Military women who abort after being raped must heal from sexual assault first, says veteran

military, rape, abortion

Support After Abortion‘s first ever Healing Network Virtual Conference featured Jody Duffy, the group’s new Military and Veterans Coordinator who works to “expand the outreach to military personnel and veterans globally.” On a recent Facebook Live event, Duffy shared her personal story of undergoing an abortion after experiencing military sexual trauma (MST) and emphasized the need for organizations working with post-abortive women to determine if they are veterans or active military personnel in order to screen them for MST.

Unhealed MST can directly impede women’s ability to heal from abortion, as the abortion healing process can trigger that past military sexual trauma experience. Duffy emphasized that in order to heal from abortion, women first need to experience healing from military sexual trauma even if the abortion was not directly related to the MST.

According to Support After Abortion’s “Healing for Military Veterans” page, an estimated 20-40% of females in the armed forces experience rape or attempted rape during their military careers.

READ: Abortion is not an act of compassion for women pregnant after rape

Duffy stated that she went to officer candidate school to get a commission in 1980, just four years after the integration of men and women in the military. Just a few weeks from the end of the program, she and several fellow female soldiers went to the Officers Club to socialize one weekend. There, she met an officer who had been commissioned in the class one year ahead of hers. They went out that weekend, and the weekend following, and during that second weekend, he raped her.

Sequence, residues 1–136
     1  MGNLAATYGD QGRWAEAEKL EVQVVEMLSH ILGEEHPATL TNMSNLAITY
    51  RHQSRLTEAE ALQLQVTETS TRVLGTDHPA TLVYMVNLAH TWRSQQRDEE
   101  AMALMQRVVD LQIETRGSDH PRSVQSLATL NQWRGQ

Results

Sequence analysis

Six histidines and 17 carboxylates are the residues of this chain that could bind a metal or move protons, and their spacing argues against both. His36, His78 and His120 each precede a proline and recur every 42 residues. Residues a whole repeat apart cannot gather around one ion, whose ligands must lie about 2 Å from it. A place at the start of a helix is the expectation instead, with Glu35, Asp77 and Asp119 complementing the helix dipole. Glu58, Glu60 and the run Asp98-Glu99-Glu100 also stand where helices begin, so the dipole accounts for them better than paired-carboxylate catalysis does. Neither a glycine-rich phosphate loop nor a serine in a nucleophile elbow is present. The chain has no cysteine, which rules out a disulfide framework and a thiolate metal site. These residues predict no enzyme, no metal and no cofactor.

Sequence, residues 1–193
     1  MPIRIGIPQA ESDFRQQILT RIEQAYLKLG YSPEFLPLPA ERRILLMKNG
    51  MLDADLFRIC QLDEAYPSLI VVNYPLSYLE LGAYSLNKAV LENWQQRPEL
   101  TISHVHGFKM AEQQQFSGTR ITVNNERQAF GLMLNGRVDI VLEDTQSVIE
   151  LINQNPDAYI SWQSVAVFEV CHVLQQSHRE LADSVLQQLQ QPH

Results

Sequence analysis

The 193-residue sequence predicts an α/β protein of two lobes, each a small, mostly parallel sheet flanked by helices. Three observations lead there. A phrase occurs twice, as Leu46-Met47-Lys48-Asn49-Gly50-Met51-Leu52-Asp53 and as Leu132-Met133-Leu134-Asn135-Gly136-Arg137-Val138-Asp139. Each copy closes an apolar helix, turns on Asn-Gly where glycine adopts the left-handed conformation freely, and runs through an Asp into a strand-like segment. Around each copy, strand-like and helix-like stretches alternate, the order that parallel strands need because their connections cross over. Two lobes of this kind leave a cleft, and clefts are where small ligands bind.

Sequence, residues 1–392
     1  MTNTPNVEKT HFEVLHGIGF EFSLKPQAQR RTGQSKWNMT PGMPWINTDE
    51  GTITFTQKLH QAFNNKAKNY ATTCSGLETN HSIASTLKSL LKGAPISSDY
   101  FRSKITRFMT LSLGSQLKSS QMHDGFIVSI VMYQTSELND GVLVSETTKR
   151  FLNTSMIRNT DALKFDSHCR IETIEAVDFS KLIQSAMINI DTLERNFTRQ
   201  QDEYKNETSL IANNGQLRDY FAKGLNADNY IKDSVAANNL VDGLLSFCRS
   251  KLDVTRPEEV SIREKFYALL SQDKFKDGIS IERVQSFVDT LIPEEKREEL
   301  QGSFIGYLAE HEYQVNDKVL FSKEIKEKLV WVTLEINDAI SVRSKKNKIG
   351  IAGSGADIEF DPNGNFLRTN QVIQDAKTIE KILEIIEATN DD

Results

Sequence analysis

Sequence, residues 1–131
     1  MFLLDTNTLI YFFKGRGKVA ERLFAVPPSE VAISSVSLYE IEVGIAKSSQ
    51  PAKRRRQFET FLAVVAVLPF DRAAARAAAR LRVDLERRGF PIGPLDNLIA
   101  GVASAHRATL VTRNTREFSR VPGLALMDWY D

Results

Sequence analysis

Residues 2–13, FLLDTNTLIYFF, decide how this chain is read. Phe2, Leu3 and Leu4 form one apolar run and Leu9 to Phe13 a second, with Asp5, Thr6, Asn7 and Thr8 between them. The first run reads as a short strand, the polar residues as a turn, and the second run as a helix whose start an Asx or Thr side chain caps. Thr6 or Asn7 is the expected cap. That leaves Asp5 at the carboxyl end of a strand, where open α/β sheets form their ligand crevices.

Having moved to a different base several weeks later after receiving her commission as an officer, Duffy met another officer who wanted to date her. When she told him about her sexual assault, he agreed to be just friends. Shortly thereafter, she suspected that she was pregnant from the rape, and when the pregnancy was confirmed, her new friend arranged for and drove her to an abortion facility 80 miles away for an abortion. Duffy got a doctor’s note to be exempted from physical training for a few weeks, but otherwise she said she “went back to work like nothing happened.”

While Duffy met her husband not long after, telling him of her traumatic experiences “within the first two weeks” of dating “because I didn’t want it to be a secret,” she did not speak of her abortion to anyone else for 19 years until she began experiencing sudden and unexpected grief.

At a March for Life event in Atlanta in early 2000, she received information about abortion recovery healing, and as she healed from her own abortion, she came to realize there was a need for women who have abortions following military sexual trauma to heal from the MST first. She cautioned that “an abortion healing program will trigger [the traumatic memories of the assault]. They need to be healed from that first.”


During her presentation at the virtual conference, Jody urged abortion healing programs to utilize this knowledge in their work with post-abortive women, noting that “something as simple as an intake form with an option to tick a box if one is serving in the military or has served can help identify those who may require healing from MST, PTSD, or an abortion.”

Duffy noted:

Our military families are the backbone of our military. So, the soldier who has an unhealed wife at home or an unhealed teenage daughter at home is going to be affected by them not being healed. When you’re a military family, you have a lot of stress all the time. You’re moving all the time, deployments, lots of stress. So, mom’s not healed, mom’s falling apart because dad’s getting deployed again. They moved again, there’s another deployment and she breaks down and maybe doesn’t realize that a lot of this was triggered by a past abortion that she hasn’t healed from. So, we need to get her healed too.

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